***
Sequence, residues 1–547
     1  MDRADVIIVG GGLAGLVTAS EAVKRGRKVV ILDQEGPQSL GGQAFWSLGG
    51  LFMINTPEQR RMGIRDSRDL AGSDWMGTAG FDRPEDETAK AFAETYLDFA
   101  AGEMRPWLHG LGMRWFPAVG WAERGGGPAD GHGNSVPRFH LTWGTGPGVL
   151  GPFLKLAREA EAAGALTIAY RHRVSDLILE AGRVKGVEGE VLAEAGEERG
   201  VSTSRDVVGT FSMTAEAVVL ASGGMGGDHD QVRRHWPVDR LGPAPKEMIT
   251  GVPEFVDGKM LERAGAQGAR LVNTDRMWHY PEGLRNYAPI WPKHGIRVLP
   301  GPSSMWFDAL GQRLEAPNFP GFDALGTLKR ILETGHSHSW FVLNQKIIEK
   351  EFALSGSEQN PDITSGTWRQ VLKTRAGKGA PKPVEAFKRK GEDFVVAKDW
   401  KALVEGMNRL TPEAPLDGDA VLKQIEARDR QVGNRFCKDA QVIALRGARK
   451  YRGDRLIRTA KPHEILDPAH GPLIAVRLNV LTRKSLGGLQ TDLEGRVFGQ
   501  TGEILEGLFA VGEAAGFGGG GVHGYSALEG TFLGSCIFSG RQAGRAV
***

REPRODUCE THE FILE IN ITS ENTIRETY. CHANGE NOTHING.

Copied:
Sequence, residues 1–547
     1  MDRADVIIVG GGLAGLVTAS EAVKRGRKVV ILDQEGPQSL GGQAFWSLGG
    51  LFMINTPEQR RMGIRDSRDL AGSDWMGTAG FDRPEDETAK AFAETYLDFA
   101  AGEMRPWLHG LGMRWFPAVG WAERGGGPAD GHGNSVPRFH LTWGTGPGVL
   151  GPFLKLAREA EAAGALTIAY RHRVSDLILE AGRVKGVEGE VLAEAGEERG
   201  VSTSRDVVGT FSMTAEAVVL ASGGMGGDHD QVRRHWPVDR LGPAPKEMIT
   251  GVPEFVDGKM LERAGAQGAR LVNTDRMWHY PEGLRNYAPI WPKHGIRVLP
   301  GPSSMWFDAL GQRLEAPNFP GFDALGTLKR ILETGHSHSW FVLNQKIIEK
   351  EFALSGSEQN PDITSGTWRQ VLKTRAGKGA PKPVEAFKRK GEDFVVAKDW
   401  KALVEGMNRL TPEAPLDGDA VLKQIEARDR QVGNRFCKDA QVIALRGARK
   451  YRGDRLIRTA KPHEILDPAH GPLIAVRLNV LTRKSLGGLQ TDLEGRVFGQ
   501  TGEILEGLFA VGEAAGFGGG GVHGYSALEG TFLGSCIFSG RQAGRAV